Commenting on the Parable of
the Prodigal Son T he Lost Son The Lost Sons The Prodigal God, Miroslav Volf has this earth-shattering thing to say:
...the relationship did not depend on moral performance and therefore could not be destroyed by immoral acts.
The son remained this father's son. The father remained this son's father. At least in the father's eyes. The relationship could never be earned; it was created by the grace of nature to begin with, and sustained by the nature of grace in the end.
We want moral order, we want just deserts, we want lex talionis, we want the world of the older brother. What's more, we want a cross that bends to the will of this moral order, and a Jesus whose relationship to his father did depend on moral performance. We want the revelation of a righteousness that is not only witnessed to by the law, but is achieved by doing the deeds of the law. We cannot understand "apart from the law". We do not want a world whose nature is grace, whose law is the lawlessness of unconditional love.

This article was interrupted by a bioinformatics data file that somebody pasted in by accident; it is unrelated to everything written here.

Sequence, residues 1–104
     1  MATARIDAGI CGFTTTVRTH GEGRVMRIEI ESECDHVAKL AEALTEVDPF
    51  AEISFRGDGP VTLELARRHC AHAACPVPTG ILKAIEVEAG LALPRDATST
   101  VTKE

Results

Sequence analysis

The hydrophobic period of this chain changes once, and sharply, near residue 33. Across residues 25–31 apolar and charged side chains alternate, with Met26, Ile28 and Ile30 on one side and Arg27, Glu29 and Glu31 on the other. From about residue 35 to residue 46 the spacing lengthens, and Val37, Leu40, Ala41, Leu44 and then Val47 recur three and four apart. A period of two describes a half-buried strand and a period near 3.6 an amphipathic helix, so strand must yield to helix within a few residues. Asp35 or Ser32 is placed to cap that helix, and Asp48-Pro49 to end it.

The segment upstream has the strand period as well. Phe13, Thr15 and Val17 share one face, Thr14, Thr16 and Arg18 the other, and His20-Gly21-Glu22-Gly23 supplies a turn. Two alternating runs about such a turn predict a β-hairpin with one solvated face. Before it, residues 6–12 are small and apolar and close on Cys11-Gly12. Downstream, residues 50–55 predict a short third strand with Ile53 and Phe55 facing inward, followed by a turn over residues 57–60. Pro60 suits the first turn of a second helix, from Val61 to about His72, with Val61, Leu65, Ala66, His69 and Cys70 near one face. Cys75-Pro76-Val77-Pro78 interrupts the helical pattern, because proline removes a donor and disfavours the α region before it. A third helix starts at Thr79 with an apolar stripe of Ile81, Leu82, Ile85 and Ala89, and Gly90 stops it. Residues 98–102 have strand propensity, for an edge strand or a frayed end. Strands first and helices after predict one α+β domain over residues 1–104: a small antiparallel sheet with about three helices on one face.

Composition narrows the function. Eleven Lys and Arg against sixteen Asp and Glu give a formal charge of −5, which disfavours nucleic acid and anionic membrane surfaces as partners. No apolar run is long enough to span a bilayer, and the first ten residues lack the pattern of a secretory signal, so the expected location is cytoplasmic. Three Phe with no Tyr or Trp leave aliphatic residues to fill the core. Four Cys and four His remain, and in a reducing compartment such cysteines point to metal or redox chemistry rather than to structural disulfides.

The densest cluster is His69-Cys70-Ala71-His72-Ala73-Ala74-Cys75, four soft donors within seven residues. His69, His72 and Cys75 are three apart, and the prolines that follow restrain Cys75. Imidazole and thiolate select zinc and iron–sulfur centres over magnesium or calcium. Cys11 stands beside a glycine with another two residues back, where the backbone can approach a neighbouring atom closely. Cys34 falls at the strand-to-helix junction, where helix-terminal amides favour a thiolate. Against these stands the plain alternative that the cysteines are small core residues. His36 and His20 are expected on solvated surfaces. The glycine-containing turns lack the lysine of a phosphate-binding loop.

But the father wants to throw a party that celebrates not moral performance but the return to his gracious home made possible by his act of embrace that redefines our moral universe.